It’s barely rained for the past 2.5 months. We are finally getting some rain.
Not enough. But at least it’s something.
The vegetable garden has felt like an uphill battle this year. Some things are doing well. The squash plants are dark green and growing. The basil is happy. We have about sixty Mystery Cruciferous Plants. They are broccoli, cauliflower, and/or brussel sprouts. The tomatoes are doing well. The kale is doing much better than last year, our first year gardening where the kale was lame.
But someone ate the carrot tops of the one row of carrots planted in late May.
Ron discovered a woodchuck hole In The Middle Of The Potatoes.
The pepper plants are lackluster. They have some peppers on them, but they (and the plants) are small.
The second round of green beans (haricot verts) didn’t germinate well.
In fact, a lot of stuff didn’t germinate well this year–tomatoes (we have “only” two dozen plants this year), lettuce, mache, spinach, two kinds of parsley, soy beans, peas…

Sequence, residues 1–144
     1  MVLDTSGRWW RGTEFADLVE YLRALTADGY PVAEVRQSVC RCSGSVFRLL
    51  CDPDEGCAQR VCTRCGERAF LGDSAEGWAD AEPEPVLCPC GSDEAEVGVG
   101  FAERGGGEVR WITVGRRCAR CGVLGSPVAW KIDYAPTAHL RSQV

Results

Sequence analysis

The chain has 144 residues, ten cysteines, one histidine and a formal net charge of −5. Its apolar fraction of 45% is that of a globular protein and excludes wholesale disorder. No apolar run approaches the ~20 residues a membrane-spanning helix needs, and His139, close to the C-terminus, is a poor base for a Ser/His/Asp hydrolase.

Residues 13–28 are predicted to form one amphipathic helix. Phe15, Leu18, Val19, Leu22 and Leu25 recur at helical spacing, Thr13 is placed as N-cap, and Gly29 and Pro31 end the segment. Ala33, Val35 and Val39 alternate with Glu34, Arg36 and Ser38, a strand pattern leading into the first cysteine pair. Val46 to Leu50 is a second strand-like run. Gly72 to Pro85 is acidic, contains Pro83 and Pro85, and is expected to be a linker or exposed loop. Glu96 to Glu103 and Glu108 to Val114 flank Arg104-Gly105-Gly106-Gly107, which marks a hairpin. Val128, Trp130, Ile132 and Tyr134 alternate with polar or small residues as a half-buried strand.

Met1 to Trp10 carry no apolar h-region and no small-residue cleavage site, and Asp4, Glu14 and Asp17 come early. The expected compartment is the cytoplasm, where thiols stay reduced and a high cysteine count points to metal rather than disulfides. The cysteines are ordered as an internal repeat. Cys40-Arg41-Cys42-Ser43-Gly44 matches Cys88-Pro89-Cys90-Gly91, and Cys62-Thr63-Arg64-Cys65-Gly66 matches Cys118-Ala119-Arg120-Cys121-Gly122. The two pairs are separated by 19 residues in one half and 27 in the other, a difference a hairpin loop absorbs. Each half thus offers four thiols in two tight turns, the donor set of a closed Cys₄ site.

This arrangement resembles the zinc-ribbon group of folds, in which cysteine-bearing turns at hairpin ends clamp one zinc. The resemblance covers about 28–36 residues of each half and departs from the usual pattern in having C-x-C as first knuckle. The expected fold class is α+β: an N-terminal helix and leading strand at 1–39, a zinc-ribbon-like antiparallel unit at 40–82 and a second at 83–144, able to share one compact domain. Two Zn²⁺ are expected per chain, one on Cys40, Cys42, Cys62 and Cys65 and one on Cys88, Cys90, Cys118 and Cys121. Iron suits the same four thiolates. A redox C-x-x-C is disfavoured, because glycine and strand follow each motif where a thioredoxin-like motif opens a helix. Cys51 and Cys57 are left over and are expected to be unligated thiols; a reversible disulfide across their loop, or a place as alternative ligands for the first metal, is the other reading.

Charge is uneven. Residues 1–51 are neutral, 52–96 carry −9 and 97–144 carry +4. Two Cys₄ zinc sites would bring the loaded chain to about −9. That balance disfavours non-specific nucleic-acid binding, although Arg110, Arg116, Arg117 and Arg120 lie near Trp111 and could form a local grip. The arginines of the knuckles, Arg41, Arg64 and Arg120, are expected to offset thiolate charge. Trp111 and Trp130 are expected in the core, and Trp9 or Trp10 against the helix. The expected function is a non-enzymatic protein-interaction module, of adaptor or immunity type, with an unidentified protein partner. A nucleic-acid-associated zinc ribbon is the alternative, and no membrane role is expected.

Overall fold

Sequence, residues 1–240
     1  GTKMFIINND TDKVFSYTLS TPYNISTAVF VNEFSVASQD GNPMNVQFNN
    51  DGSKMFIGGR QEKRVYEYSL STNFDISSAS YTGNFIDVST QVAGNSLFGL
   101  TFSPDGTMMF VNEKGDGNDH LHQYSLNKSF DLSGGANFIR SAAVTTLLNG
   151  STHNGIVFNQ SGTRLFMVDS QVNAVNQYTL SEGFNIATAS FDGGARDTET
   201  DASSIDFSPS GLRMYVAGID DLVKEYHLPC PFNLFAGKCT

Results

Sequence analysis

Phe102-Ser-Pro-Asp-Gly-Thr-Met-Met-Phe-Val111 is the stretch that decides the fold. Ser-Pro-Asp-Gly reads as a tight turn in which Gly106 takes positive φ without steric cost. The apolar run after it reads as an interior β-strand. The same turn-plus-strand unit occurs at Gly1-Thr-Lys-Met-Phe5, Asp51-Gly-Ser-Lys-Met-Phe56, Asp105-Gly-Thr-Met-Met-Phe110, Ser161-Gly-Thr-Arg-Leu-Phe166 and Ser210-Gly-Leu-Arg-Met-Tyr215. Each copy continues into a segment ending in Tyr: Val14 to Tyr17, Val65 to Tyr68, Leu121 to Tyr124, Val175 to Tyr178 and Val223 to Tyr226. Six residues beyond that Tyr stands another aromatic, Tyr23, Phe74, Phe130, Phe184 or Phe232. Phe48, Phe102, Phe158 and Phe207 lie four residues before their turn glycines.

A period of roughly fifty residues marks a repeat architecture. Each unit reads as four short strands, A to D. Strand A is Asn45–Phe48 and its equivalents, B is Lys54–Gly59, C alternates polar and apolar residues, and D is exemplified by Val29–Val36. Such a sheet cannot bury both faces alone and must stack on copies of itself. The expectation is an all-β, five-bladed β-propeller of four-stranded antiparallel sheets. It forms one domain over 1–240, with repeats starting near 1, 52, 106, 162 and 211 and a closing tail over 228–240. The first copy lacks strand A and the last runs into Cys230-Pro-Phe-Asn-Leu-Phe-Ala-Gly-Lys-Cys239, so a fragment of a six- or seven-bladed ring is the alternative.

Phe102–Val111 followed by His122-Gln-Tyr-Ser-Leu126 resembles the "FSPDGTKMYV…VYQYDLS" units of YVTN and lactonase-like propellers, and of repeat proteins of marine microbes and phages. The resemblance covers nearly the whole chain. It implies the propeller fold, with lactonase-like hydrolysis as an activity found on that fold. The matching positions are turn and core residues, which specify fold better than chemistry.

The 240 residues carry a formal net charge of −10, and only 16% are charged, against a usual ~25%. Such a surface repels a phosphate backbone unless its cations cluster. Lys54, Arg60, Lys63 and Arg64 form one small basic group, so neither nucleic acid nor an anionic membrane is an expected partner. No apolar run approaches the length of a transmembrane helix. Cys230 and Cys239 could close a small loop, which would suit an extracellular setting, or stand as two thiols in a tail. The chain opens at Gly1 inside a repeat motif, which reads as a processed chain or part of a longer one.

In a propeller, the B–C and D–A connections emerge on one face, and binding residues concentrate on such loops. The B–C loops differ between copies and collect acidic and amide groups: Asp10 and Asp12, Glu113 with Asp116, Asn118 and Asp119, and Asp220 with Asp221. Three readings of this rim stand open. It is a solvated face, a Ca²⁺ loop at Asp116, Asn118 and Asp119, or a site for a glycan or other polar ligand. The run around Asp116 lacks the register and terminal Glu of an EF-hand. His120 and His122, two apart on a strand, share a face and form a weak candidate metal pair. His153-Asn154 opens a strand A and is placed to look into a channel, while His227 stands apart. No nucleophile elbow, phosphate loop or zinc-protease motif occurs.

And then there has been the drought.
In a normal year, we rarely need to water the vegetable gaden. Or, if we need to water, it’s the seeds and seedlings when they are germinating or very small. But once they hit a certain size, we can not worry about the watering nearly as much.
Not this year. We’ve had to water basically every single day. And no matter how much we water, it’s really not enough. The seeds could be watered lightly twice per day and all the larger plants would like a lot more water, but given that we needed to water so much–garden, corn patch, berries, garlic and onions, two new trees, four new butterfly bushes–we didn’t really have enough time or energy or patience to water adequately everywhere all the time.
Hopefully, the rain over the past 24 hours–based on our very rough estimate, a half-inch–will be the beginning of a more normal summer. The forecast bodes well. Gradually getting hotter over the next few days and then thunderstorms mid-week. But the weather forecasts haven’t been great this summer to date so we’ll believe it when we see it.